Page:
A few months ago I noticed on Twitter that the day was Neil Diamond’s 71st birthday. Just for fun, I posted this news on Facebook along with a YouTube video of “Holly Holy.” Before too long, I was deep in a nostalgic mood.
Diamond’s provided music for my struggling adolescence. So many great songs were (and some still are) personal favorites: “Sweet Caroline,” “Solitary Man,” “Cracklin’ Rosie,” “Brother Love’s Traveling Salvation Show,” “Kentucky Woman,” “Shilo,” and others. The “Hot August Night” album figured largely in my life: I borrowed the double LP set from a girl on whom I had a painful crush (and I hoped this might be the start of some magic between us, but alas). I recorded that album on the reel-to-reel tape deck that my parents bought for my birthday in 1972, and I played it a lot. A little later, smitten with another girl who loved his music, I drew for her a picture of Neil from the 1968 “Greatest Hits” LP, but added his big hair of his “Hot August Night” period. That sounds very “Napoleon Dynamite”-ish, but I was a pretty good artist, and the girl seemed to sincerely think (maybe?) that it was cool.
I found a site, http://www.scaruffi.com/vol1/diamond.html, that discusses Diamond’s ability to mix elements of soul, gospel, country, classical, reggae, and other styles while also having special talent in catchy melodies and excellent arrangements. His voice was adept at evoking the introspection and emotions of his and others’ songs. To me, even his songs of loss (so prevalent and distressing in the music of, for instance, another of my favorites of the time: Jimmy Webb) left me feeling good. Without thinking too deeply about it, I liked the religious imagery that was explicit in songs like “Holly Holy,” “Walk on Water,” and “Brother Love’s Traveling Salvation Show” but flavored other songs, too.
There was a combination of things going on in my life at the time: I had low self-esteem (and would have for a long time) but was working on getting better; I was able to drive for first time; I loved driving around our small town and taking the back roads on summer days as I passed little country churches and peaceful rural scenes; in my genealogy hobby, I was learning about my family history in our hometown and deepening my sense of belonging to that area; I felt all the more identified with my hometown and its history; I was looking toward my own future beyond high school and wondering what lay ahead. Within all these things, “Holly Holy” became a favorite, meaningful song. I loved the chorus’ A-D-Dsus4-D chord progression and imagery of faith, but I also loved the words from the first verse:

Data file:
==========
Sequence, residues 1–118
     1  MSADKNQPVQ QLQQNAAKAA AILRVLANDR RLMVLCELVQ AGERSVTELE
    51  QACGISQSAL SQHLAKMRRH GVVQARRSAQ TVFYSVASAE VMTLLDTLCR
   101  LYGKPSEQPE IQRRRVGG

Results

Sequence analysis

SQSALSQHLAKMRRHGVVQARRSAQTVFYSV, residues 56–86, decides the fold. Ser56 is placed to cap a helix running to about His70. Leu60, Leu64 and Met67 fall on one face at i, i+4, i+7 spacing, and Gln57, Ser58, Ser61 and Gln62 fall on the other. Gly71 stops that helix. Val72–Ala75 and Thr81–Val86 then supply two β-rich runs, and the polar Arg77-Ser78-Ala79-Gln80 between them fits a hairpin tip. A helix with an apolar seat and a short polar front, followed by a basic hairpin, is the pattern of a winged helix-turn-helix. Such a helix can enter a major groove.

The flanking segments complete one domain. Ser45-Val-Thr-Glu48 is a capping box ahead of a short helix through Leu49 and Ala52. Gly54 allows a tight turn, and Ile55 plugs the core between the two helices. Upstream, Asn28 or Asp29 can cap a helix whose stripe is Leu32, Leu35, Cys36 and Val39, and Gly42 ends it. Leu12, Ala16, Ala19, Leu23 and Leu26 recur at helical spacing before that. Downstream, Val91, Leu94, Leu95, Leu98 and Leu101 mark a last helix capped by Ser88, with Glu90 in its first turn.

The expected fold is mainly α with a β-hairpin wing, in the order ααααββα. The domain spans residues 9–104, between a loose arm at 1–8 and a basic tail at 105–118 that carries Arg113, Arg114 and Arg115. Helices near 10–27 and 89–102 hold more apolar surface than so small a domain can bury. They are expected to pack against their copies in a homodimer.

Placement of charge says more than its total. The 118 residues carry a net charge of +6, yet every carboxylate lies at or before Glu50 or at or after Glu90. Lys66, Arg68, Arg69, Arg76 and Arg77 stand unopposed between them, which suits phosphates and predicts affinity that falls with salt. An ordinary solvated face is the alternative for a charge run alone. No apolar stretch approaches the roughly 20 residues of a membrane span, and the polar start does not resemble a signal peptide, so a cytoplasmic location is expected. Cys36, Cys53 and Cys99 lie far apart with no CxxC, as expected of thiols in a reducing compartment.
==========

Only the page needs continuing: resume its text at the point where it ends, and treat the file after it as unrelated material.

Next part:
Where I am,
What I am,
What I believe in….
Or, as I felt in my heart: place, identity, and faith. http://www.youtube.com/watch?v=RQwqQwD6OOw
Diamond has been in the news recently because of his third marriage and a resurgence in his record sales. As much as I loved his music, I purchased surprisingly few of his albums back then: only “Double Gold,” I think, and later “Serenade” and “Beautiful Noise.” But I don’t remember how I had all the other great songs in mind and heart; perhaps I owned more LPs and 45s at the time than I recall. I liked the single “Walk on Water,” which followed “Song Sung Blue” and “Play Me,” but didn’t rise as high on the charts as those two and, as I recall, didn’t stay on the radio as long. That annoyed me because I preferred the song to the other two, but I had the 45, with the extended piano coda. This past month, just for fun, I found some of his early albums on eBay and our local vinyl shops.
Reading now about his career, I learn things I didn’t think about at the time. That “Double Gold” album represented Diamond’s first two albums on the Bang label, “The Feel of Neil Diamond” (1966) and “Just for You” (1967). Those were the hits like “Cherry Cherry,” “Girl, You’ll Be a Woman Soon,” “Solitary Man,” “Kentucky Woman,” “Red, Red Wine,” and others. In fact, “The Feel” LP had “Solitary Man” on the side of the record cover, even though that wasn’t the album’s title. The author of the website cited above considers his early albums far ahead of other songwriters of the time.
Then Diamond moved to MCA Records (the Uni label) and released the albums “Velvet Gloves and Spit” (1968, and later it had a different cover), “Brother Love’s Travelling Salvation Show” (1969, and later it had a different cover), “Touching You, Touching Me” (1969), “Tap Root Manuscript” (1970), “Stones” (1971), and “Moods” (1972). Although the title of “Touching You, Touching Me” comes from the song “Sweet Caroline,” that single was not on this album or originally on any album. It appeared on reissues of the “Brother Love” record. His Uni hits (represented on the “12 Greatest Hits” album) included “Sweet Caroline,” “Shilo,” “Holly Holy,” “Cracklin’ Rosie,” “Play Me,” “I Am…I Said,” “Brother Love’s Traveling Salvation Show,” “Song Sung Blue,” and others.
Diamond then signed with Columbia, which has been his label ever since. Although the first two albums have never been released on CD, Bang Records issued several compilation albums based on those first two albums, and Columbia acquired the rights to those songs but not to the Uni albums. Thus, the several compilation albums represent different labels, as discussed at http://pw1.netcom.com/~zmoq/pages/repackage.htm
Another thing I didn’t realize: “Tap Root Manuscript” made use of “world music” over ten years before other artists like Peter Gabriel and Paul Simon. At my divinity school, some African American friends elicited my help for a Afrocentric chapel service by having me play the song “Soolaimón” on the piano as an anthem. It occurs to me, too, that Neil was ahead of his time in using gospel elements, a few years before some pop and rock artists began to embrace religion and spirituality.